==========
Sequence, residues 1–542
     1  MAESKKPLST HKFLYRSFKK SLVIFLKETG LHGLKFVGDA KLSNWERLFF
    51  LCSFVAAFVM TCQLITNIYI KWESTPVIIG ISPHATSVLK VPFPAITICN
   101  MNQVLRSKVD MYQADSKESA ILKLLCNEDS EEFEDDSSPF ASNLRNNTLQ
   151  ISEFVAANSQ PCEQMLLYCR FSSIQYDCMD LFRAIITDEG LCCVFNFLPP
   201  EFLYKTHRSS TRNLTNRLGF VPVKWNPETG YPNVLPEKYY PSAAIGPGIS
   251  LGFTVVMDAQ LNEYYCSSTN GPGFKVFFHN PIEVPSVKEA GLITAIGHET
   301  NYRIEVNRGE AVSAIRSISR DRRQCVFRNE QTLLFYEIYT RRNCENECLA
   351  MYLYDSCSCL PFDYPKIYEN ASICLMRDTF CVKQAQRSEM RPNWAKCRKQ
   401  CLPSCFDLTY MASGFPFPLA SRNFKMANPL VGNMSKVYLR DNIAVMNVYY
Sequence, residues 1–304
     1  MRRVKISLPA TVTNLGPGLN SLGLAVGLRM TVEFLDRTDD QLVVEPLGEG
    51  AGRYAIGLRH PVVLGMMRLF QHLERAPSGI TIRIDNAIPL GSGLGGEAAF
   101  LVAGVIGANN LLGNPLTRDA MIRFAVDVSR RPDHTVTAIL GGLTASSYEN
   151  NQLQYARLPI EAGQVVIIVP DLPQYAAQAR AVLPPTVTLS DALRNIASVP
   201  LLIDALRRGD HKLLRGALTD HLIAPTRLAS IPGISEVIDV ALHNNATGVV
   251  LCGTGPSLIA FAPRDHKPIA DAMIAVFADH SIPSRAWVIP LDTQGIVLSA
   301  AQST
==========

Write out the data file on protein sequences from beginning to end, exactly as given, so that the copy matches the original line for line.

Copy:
Sequence, residues 1–542
     1  MAESKKPLST HKFLYRSFKK SLVIFLKETG LHGLKFVGDA KLSNWERLFF
    51  LCSFVAAFVM TCQLITNIYI KWESTPVIIG ISPHATSVLK VPFPAITICN
   101  MNQVLRSKVD MYQADSKESA ILKLLCNEDS EEFEDDSSPF ASNLRNNTLQ
   151  ISEFVAANSQ PCEQMLLYCR FSSIQYDCMD LFRAIITDEG LCCVFNFLPP
   201  EFLYKTHRSS TRNLTNRLGF VPVKWNPETG YPNVLPEKYY PSAAIGPGIS
   251  LGFTVVMDAQ LNEYYCSSTN GPGFKVFFHN PIEVPSVKEA GLITAIGHET
   301  NYRIEVNRGE AVSAIRSISR DRRQCVFRNE QTLLFYEIYT RRNCENECLA
   351  MYLYDSCSCL PFDYPKIYEN ASICLMRDTF CVKQAQRSEM RPNWAKCRKQ
   401  CLPSCFDLTY MASGFPFPLA SRNFKMANPL VGNMSKVYLR DNIAVMNVYY
Sequence, residues 1–304
     1  MRRVKISLPA TVTNLGPGLN SLGLAVGLRM TVEFLDRTDD QLVVEPLGEG
    51  AGRYAIGLRH PVVLGMMRLF QHLERAPSGI TIRIDNAIPL GSGLGGEAAF
   101  LVAGVIGANN LLGNPLTRDA MIRFAVDVSR RPDHTVTAIL GGLTASSYEN
   151  NQLQYARLPI EAGQVVIIVP DLPQYAAQAR AVLPPTVTLS DALRNIASVP
   201  LLIDALRRGD HKLLRGALTD HLIAPTRLAS IPGISEVIDV ALHNNATGVV
   251  LCGTGPSLIA FAPRDHKPIA DAMIAVFADH SIPSRAWVIP LDTQGIVLSA
   301  AQST